The text: “When Jesus laid his hands on her, immediately she stood up straight and began praising God.” Luke 13:13
The prophet Hosea (11:4) describes God as one who “bends down … to feed, to lift up and to hold.”Strength and flexibility are both necessary in the act of bending. We have a God who is willing to bend on our behalf and who invites us to bend on behalf of one another. In Luke, chapter 13, we see the strength and flexibility of our reliable God in the life and ministry of Jesus Christ. The One who was willing to bend down and join us in our humanity takes the time on this Sabbath to heal a woman who has been bent over for eighteen years.
Eighteen years is a long time to be bent over — it is the time it takes a newborn to unfold into adulthood and is the coming of age in many societies. Luke, the physician, attributes her chronic condition to “a spirit of weakness.” The word for “weakness” can simply mean “illness;” however, her condition can also be indicative of her diminished status within the culture at that time, a culture that continues today in many parts of the world. She is bound up by the limitations and the burdens placed upon her through the customs and the laws.
As the story unfolds, we learn that what is almost as important as the healing itself is the fact that Jesus heals on the Sabbath, bending the rabbinic law. In this valiant act Jesus announces that the suffering of a fellow human being takes precedence over obligations related to keeping the Sabbath. The same law that limited healing on the Sabbath allowed for the loosening of tethered animals so that they could drink water.
The synagogue ruler is “bent out of shape” over this healing! A religious observation intended to honor the liberation of God’s people has become a means of social control and oppression. By healing a person held captive on the Sabbath, Jesus offers wholeness in the unfolding of this woman’s life and gives the religious leaders an opportunity to see the absurdity and cruelty of unbending laws.
During Westminster’s Steadfast Neighbor Week this June, my brother Barry who came to serve with us, my husband Peter, and I rewatched the 1999 movie "Cider House Rules," based on John Irving’s 1985 novel. The Supreme Court ruling to reverse Roe vs. Wade had just been announced, and we were feeling a need to revisit this thoughtful story which highlights the intricacies and complications around unplanned pregnancies.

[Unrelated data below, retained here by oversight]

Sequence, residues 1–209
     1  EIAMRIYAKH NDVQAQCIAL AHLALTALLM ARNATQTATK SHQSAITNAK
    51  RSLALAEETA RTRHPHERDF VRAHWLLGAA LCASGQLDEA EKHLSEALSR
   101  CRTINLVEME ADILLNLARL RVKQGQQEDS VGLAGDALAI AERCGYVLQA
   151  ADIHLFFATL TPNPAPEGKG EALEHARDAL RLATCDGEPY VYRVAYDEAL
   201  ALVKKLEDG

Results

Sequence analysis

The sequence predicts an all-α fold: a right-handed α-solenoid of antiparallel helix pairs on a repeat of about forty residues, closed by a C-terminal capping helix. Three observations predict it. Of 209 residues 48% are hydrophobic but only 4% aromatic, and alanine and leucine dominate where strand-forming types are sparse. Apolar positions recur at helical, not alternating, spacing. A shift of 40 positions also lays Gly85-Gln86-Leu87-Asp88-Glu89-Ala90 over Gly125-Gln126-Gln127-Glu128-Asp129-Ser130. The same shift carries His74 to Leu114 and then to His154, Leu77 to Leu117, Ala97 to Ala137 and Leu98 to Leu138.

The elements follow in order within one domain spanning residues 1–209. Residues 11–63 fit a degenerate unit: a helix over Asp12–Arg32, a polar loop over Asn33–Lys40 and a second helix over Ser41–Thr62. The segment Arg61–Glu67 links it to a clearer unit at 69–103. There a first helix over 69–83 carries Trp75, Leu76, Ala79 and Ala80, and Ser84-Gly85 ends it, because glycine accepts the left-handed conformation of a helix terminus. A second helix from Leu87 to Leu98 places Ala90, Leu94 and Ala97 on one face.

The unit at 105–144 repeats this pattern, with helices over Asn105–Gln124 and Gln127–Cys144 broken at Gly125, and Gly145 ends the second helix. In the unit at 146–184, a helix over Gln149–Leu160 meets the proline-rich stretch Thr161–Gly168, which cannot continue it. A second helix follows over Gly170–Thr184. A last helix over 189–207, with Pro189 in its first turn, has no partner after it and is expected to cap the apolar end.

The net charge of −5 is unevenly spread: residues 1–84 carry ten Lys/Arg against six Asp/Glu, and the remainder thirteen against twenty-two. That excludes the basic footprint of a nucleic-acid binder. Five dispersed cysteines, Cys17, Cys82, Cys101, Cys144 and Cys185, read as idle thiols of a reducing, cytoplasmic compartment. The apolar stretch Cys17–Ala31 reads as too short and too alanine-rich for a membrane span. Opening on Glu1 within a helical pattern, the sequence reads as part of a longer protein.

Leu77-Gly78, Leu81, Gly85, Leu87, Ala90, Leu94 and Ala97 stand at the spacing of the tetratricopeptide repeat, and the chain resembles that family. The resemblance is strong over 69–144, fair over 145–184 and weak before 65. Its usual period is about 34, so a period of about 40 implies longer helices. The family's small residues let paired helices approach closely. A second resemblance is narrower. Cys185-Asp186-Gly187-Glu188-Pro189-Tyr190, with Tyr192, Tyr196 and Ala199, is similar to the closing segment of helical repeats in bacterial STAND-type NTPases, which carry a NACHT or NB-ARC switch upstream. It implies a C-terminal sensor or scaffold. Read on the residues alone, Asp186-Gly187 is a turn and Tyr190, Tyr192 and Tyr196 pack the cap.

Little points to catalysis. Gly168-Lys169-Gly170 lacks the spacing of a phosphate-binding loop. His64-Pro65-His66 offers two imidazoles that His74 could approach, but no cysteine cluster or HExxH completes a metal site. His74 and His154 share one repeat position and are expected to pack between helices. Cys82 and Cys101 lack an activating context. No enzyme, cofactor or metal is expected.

The setting of the story is a Maine orphanage during the 1940s which is run by Dr. Wilbur Larch, a skilled physician who delivers the babies of single women that come and go quickly, passing through the night. He and his team then lovingly care for the children left behind. Conditions at the orphanage are sparse, yet the children are loved, given respect, lifted up, and become an extended family. Each night after reading to and praying with the boys, Dr. Larch leaves them with these words, "Goodnight you Princes of Maine, you Kings of New England." Like Jesus’ affirmation of the bound-up woman, Dr. Larch affirms and blesses these orphaned boys, reminding them they, too, are beloved children of God.
Dr. Larch also ends pregnancies in secret for the women who request it because he has seen the tragic consequences that can unfold when people do not have options. “Cider House Rules” reminds us how complicated life can be and gives us pause about rigid, morality-based rules which, like the first century sabbath laws, are often unbending, oppressive and unjust.
To those of us who are bound up and bent over in whatever our circumstances may be, Jesus offers freedom, blessings and wholeness. To those of us who are in positions of authority, Jesus calls us into accountability and invites us to bend and to create communities where people’s lives can unfold into wholeness. The wisdom articulated in this gospel story is especially relevant in these times of polarization within our own government, where the give and take, the strength and flexibility, the bending and stretching of democracy is lacking. These attributes are essential in the governing of our communities and the unfolding of our lives.
May God give each of us the strength and flexibility in the unfolding of our lives, to bend without breaking in the challenges before us, the wisdom to live with humility and reverence, and the courage to create just laws in our care for one another.
The Rev. Dr. Blythe Denham Kieffer is pastor and head of staff at Westminster Presbyterian Church in Springfield.
This article originally appeared on State Journal-Register: Rev. Dr. Blythe Denham Kieffer: Unfolding lives